This question from a math exam in India was flying around math twitter last week:
I mistakenly thought the question was just sort of a fun joke and not all that interesting, but then I saw a series of tweets beginning with:
and ending with:
That last tweet was definitely a “wait . . . what??” moment for me.
Thinking about ABRACADABRA right off the bat was too hard, so I simplified the problem drastically too see what was going on. Suppose you are flipping a fair coin, what is the expected number of flips until you see the sequence H H? What about H T? These two problems are also, I think, great ways to introduce ideas about stopping time problems to kids. (the answers are 5 flips and 4 flips respectively).
Playing around with the easier problems showed me why the ABRACADABRA problem could have a longer stopping time than I would have guessed, but I couldn’t solve the problem exactly. Then I found this paper (written as part of an undergraduate research program at the University of Chicago!) which gave a wonderful explanation of the ABRACADABRA problem and (almost incredibly) a way to think about the problem that allows you to solve it in your head!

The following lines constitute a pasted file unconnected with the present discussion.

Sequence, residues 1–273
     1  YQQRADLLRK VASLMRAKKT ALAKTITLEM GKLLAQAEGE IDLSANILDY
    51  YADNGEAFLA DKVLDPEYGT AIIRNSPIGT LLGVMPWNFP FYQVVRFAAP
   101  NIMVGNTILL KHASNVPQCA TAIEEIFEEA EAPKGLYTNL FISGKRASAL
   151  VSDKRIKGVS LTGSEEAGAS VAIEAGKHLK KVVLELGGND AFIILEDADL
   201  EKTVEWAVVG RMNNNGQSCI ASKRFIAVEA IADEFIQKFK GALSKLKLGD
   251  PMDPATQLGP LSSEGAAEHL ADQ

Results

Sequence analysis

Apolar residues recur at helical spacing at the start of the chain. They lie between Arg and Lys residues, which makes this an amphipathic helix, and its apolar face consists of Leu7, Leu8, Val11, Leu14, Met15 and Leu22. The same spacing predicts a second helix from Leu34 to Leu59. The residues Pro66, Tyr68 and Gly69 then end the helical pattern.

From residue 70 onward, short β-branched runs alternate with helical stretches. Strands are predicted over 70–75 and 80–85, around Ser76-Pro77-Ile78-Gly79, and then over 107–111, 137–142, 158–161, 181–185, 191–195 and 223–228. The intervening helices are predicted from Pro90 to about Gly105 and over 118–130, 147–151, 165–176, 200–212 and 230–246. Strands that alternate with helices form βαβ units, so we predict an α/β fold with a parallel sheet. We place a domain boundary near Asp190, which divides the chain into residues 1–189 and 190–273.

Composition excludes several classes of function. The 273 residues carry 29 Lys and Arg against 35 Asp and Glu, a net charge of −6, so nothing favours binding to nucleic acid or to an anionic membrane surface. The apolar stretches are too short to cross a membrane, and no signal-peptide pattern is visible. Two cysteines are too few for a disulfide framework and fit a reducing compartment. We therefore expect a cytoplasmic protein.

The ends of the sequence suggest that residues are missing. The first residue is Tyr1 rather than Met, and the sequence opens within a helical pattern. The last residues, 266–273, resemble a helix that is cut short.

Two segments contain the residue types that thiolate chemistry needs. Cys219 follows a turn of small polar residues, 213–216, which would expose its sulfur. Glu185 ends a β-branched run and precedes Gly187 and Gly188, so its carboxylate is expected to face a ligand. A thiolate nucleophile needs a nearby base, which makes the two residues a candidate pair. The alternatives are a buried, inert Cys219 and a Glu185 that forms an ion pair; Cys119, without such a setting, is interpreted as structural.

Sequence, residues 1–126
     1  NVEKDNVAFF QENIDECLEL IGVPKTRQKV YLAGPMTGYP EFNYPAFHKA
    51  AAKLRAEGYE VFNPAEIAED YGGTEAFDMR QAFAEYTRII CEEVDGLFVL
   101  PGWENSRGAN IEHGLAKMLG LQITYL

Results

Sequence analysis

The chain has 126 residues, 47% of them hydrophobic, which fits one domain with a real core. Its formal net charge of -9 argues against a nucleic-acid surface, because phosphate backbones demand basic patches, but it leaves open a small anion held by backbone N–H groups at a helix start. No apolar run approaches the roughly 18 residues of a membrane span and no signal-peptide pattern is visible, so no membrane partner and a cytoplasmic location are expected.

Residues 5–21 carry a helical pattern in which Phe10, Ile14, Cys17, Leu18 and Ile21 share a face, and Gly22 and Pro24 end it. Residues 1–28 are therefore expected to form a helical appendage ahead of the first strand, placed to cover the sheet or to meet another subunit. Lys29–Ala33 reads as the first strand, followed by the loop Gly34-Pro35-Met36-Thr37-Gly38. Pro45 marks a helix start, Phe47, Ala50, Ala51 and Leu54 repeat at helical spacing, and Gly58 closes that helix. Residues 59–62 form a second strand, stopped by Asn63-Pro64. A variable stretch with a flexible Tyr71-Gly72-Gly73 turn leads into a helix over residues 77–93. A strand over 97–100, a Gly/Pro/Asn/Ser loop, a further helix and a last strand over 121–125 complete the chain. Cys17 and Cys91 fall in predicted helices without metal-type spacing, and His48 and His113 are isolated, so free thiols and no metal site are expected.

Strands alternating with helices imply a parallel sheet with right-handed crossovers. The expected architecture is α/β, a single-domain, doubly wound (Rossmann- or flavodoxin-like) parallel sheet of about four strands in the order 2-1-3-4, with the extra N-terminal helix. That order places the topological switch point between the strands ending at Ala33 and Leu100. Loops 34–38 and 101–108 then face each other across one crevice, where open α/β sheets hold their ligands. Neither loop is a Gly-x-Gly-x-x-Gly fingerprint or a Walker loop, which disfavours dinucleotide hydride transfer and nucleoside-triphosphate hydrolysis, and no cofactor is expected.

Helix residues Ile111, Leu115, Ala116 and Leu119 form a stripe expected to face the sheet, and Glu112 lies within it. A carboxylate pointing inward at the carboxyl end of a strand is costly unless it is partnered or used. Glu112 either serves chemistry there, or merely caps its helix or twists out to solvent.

After going through that paper I was happy to have learned some new ideas about stopping time problems and more or less moved on. But then one more nice surprise came from the COVFEFE problem when Nassim Taleb shared his Markov chain solution:
I’d never played with Markov chains in Mathematica (or, basically anywhere really) so I thought it would be fun to use what I learned from Taleb’s code to explore the ABRACADABRA problem. Working through that code gave me a much better understanding of Long’s “which states lead to which states” comment above. It took me a bit of time to realize, for example, that the state ABRA can move to the state AB, for example.
Again, copying Taleb’s code, here’s the transition matrix:
and the graph of the states plus the stopping time which matches 26^11 + 26^4 + 26:
It was fun to learn that the original COVFEFE problem was part of a class of problems that are much more subtle than they might seem at first glance. Learning about the connections to martingales and learning how to implement Markov chains in Mathematica was a really nice surprise, too.